Conference Board Leading Economic Index Edged Up in February, Will Be Short-Lived

The latest Conference Board Leading Economic Index (LEI) for February was up 0.1% from the January figure of 112.0.

The Conference Board LEI for the U.S. increased slightly in February. Positive contributions from weekly manufacturing hours and average consumer expectations for business conditions offset declines in building permits and the ISM® New Orders Index. In the six-month period ending February 2020, the leading economic index increased 0.3 percent (about a 0.5 percent annual rate), slightly slower than the growth of 0.4 percent (about a 0.9 percent annual rate) over the previous six months. In February, the weaknesses and strengths among the leading indicators were balanced.

The Conference Board CEI for the U.S., a measure of current economic activity, increased in February. The coincident economic index rose 0.7 percent (about a 1.5 percent annual rate) between August 2019 and February 2020, about the same growth rate as over the previous six months. Also, the strengths among the coincident indicators have remained very widespread, with all components advancing over the past six months. The lagging economic index continued to increase at a slightly higher rate than the CEI. As a result, the coincident-to-lagging ratio is down slightly. Real GDP expanded at a 2.1 percent annual rate in both the third and fourth quarters of last year. [Full notes in PDF]

Here is a log-scale chart of the LEI series with documented recessions as identified by the NBER. The use of a log scale gives us a better sense of the relative sizes of peaks and troughs than a more conventional linear scale.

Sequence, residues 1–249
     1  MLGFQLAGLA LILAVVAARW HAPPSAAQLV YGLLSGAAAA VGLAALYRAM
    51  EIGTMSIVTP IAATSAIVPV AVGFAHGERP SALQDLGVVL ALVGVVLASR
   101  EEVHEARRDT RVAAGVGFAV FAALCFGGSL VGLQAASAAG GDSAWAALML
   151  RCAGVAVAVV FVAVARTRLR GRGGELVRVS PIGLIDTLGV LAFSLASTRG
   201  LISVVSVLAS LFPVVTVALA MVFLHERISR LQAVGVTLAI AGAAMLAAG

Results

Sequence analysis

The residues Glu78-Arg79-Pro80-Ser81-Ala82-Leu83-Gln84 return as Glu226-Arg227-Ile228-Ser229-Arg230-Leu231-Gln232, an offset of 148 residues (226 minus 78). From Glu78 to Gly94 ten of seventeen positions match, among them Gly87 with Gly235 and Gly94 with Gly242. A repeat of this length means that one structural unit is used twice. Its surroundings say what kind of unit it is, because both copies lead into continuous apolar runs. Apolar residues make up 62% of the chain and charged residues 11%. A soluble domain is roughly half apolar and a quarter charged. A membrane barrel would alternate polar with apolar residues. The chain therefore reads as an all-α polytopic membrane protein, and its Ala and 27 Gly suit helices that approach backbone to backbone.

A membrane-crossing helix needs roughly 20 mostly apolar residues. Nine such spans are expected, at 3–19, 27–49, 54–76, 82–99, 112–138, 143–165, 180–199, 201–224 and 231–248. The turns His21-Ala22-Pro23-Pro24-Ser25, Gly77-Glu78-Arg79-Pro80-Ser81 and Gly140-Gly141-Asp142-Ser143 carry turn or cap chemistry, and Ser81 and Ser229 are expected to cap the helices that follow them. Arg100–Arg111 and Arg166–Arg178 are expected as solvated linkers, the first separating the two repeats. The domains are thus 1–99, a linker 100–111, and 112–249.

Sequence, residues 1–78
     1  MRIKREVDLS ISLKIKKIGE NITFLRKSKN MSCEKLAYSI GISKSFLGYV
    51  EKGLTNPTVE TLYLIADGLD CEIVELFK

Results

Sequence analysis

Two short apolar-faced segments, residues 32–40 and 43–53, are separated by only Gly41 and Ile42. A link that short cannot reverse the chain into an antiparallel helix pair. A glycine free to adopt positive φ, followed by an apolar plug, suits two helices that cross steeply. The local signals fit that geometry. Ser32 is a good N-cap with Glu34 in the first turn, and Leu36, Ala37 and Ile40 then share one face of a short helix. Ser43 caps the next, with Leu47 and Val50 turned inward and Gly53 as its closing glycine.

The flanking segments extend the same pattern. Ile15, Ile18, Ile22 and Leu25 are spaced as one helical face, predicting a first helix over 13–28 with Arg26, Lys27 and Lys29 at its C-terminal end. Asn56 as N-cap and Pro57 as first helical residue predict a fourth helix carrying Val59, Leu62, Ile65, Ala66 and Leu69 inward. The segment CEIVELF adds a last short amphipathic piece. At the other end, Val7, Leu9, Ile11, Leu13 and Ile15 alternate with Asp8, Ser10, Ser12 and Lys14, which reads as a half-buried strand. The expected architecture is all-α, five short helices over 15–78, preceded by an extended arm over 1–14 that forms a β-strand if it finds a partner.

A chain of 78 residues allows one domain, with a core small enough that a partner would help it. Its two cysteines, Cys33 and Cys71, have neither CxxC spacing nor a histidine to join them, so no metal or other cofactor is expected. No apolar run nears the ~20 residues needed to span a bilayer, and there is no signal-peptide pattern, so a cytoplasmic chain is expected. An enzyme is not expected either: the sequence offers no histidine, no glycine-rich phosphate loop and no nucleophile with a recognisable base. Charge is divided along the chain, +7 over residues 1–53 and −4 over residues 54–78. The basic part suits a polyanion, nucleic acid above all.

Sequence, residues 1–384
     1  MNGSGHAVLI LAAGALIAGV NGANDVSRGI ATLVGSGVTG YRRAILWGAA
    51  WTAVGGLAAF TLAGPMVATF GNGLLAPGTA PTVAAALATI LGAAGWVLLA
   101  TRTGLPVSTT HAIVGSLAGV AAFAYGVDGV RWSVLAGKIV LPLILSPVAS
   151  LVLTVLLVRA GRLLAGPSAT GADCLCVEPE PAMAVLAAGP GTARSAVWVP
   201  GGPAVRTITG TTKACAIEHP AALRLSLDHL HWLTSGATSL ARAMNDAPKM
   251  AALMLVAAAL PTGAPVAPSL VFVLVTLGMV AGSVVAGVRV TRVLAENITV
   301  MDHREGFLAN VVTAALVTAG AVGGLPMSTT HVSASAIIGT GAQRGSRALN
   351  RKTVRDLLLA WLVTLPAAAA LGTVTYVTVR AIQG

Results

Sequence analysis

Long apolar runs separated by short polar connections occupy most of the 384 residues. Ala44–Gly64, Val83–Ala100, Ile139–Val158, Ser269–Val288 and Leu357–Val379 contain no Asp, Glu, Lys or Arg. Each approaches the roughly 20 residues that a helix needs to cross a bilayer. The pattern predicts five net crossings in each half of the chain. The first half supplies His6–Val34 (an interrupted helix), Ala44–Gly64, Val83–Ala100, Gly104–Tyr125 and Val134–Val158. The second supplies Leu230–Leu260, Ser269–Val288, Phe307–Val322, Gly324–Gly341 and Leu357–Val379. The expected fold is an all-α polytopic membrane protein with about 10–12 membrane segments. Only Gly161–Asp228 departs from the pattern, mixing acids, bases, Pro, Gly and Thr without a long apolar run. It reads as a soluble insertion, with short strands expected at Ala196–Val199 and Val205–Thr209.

Conference Board's LEI

For additional perspective on this indicator, see the latest press release, which includes this overview:

“The U.S. LEI rose slightly in February, but it doesn’t reflect the impact of the COVID-19 pandemic which began to hit the U.S. economy in full by early March. The slight gain in February came only from half of the LEI components. In particular, the recovery in manufacturing, which looked promising until February, will now be short-lived because of the disruption in global supply chains and falling demand,” said Ataman Ozyildirim, Senior Director of Economic Research at The Conference Board. “Declines in stock prices, consumers’ outlook on economic conditions, manufacturing new orders, average workweek in manufacturing, and rising unemployment claims will begin to negatively impact the economy. As a result, the economy may already be entering into a period of contraction.”

For a better understanding of the relationship between the LEI and recessions, the next chart shows the percentage-off the previous peak for the index and the number of months between the previous peak and official recessions.